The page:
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Is Hezbollah Opening More Formal Franchises in Latin America?
There is growing concern, both in the U.S. intelligence community and among other groups, that Hezbollah, after years of careful infrastructure building, is now more actively forming franchise operations in Venezuela, Paraguay, Colombia and elsewhere.

Today the Treasury Department's Office of Foreign Assets Control (OFAC) designated nine individuals and supporting Hezbollah in the Tri-Border Area, one of a series of designations over the past year aimed at cutting off the expatriate flow of finances to Hezbollah in Lebanon.

According to a recent report Hezbollah now has a website in Venezuela, which claims responsibility for the unsuccessful Oct. 23 attempt to set off explosives near the U.S. embassy in Caracas.

The website, "Hezbollah in Venezuela" said the purpose of the attack was to call attention to the existence of a group by the same name, and to convert Latin America to Islam through Jihad. It promised more violent actions in the near future.

There is no question that Hezbollah has used Latin America for fund raising and a rear-guard area. Reports have circulated for years of training camps in the jungle and other training. Hezbollha has carried out terrorist attacks in the hemisphere. And Chavez has gone out of his way to court Iran as part what he views as a broad-based anti-U.S. coalition.

The international Muslim Brotherhood, which has in the past worked with Hezbollah and Iran's leadership, has an extensive off-shore network in Latin America as well as strong financial interests in Venezuela, Colombia, Guyana and elsewhere.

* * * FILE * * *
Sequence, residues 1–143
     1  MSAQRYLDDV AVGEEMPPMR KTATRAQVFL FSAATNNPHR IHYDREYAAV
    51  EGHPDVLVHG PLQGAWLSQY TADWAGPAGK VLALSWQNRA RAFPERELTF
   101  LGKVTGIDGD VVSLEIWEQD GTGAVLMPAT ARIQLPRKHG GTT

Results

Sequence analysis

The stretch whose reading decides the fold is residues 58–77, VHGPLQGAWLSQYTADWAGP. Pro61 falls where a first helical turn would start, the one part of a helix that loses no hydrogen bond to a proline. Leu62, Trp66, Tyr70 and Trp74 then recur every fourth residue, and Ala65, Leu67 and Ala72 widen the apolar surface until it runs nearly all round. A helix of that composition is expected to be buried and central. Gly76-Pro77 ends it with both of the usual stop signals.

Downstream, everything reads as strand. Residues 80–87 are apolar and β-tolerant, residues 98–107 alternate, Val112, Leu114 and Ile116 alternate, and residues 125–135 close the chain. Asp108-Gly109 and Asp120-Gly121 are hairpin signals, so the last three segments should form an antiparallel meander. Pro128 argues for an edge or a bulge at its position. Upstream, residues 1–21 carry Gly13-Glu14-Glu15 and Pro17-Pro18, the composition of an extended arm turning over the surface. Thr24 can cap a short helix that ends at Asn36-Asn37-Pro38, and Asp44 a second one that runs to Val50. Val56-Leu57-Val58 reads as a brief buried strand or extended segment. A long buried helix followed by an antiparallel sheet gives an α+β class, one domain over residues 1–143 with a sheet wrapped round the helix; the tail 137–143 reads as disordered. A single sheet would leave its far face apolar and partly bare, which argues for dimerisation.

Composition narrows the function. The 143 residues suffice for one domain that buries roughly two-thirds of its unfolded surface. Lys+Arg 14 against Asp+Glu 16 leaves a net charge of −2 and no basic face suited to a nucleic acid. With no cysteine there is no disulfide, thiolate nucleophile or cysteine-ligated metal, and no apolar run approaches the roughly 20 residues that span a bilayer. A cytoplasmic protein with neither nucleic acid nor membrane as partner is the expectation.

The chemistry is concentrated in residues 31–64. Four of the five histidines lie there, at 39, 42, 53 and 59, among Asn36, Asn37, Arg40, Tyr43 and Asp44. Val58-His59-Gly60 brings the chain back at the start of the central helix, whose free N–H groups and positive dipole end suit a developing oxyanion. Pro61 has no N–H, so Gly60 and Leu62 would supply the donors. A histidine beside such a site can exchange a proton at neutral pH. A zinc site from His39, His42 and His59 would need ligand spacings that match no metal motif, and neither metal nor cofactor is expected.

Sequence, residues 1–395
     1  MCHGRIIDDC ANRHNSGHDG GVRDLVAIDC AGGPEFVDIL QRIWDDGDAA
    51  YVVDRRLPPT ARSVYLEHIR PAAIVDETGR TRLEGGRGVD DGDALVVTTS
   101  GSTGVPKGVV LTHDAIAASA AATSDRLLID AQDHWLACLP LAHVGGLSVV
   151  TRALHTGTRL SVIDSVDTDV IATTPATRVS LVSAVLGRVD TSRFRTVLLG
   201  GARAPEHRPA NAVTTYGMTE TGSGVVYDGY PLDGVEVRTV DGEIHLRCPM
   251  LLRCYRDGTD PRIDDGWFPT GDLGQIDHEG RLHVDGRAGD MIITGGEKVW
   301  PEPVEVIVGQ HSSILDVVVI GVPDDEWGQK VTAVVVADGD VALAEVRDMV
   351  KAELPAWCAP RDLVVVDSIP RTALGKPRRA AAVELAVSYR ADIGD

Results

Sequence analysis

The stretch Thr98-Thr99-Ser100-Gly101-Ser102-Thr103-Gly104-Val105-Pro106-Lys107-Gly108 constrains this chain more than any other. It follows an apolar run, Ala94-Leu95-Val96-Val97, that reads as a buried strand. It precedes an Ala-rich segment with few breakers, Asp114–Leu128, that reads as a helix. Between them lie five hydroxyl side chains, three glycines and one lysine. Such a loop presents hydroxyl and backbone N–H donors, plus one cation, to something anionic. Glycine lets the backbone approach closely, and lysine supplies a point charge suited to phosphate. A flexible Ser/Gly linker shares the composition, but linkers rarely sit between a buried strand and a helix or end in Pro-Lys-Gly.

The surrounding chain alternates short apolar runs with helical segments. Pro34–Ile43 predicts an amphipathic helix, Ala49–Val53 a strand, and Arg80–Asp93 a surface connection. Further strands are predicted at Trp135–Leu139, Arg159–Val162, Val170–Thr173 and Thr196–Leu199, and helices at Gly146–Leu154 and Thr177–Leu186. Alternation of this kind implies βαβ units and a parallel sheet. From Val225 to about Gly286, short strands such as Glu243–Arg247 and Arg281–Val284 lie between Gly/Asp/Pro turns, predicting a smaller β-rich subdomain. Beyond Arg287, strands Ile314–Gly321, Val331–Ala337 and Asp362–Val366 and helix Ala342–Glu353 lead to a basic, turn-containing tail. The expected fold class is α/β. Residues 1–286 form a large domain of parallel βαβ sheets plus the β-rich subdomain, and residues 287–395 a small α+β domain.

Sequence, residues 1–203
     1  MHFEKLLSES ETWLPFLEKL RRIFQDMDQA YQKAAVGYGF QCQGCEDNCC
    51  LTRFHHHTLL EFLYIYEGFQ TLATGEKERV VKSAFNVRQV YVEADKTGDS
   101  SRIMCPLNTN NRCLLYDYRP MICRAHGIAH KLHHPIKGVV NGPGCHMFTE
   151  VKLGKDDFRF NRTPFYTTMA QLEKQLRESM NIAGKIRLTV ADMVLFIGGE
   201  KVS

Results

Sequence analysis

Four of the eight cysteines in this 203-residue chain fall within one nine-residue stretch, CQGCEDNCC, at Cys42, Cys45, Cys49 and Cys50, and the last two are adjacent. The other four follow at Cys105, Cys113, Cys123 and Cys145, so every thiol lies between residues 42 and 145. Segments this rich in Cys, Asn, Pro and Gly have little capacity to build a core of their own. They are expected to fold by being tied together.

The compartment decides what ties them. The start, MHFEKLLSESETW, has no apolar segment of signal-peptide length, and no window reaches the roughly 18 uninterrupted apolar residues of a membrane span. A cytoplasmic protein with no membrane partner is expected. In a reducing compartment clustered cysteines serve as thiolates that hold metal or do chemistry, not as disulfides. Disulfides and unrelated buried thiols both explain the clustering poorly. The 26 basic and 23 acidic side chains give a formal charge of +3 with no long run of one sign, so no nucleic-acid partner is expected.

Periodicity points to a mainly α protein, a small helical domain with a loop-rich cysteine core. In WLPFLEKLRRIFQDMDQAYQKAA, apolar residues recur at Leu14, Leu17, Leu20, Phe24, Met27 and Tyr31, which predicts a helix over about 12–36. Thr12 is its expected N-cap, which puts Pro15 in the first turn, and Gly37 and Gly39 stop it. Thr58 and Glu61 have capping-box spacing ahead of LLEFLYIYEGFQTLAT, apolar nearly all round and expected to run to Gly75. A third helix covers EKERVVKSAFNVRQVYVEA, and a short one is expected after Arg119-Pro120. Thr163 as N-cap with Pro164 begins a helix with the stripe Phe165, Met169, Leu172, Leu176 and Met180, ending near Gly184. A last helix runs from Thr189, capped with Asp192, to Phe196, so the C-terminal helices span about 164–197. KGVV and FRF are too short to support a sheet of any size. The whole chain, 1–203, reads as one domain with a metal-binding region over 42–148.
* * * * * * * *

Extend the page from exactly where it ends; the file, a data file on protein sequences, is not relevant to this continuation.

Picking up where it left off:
So the militant presence is not a surprise. The conventional wisdom has been that, while dangerous, Hezbollah is not likely to foul its own nest by becoming militarily operational in Latin America because that would force governments that currently turn a blind eye to take action.

However, if Hezbollah becomes a more action-oriented, it would pose a significant challenge to the United States, especially if it manages to tie into the growing anti-U.S. mood that is sweeping Latin America, from Venezuela to Bolivia and Nicaragua. While Brazil, Argentina and Uruguay also have governments of the left, they act responsibly. Morales, Ortega and Chavez are wild cards, untethered from a sense of need to act responsibly in the international arena.

However, this would also pose a serious challenge to Chavez and others who may be flirting with allowing the operations of radical Islamist groups.

A religious group, if that is really what this is, would not be suseptible to Chavez's tactics of either intimidation or cooptation. If they are preparing to attack the U.S. Embassy without government sponsorship, the government will be forced to react, and will face the necessity of paying an international price for something it may not be prepared to pay for.

Interesting time, and time to start paying attention to Latin America again.
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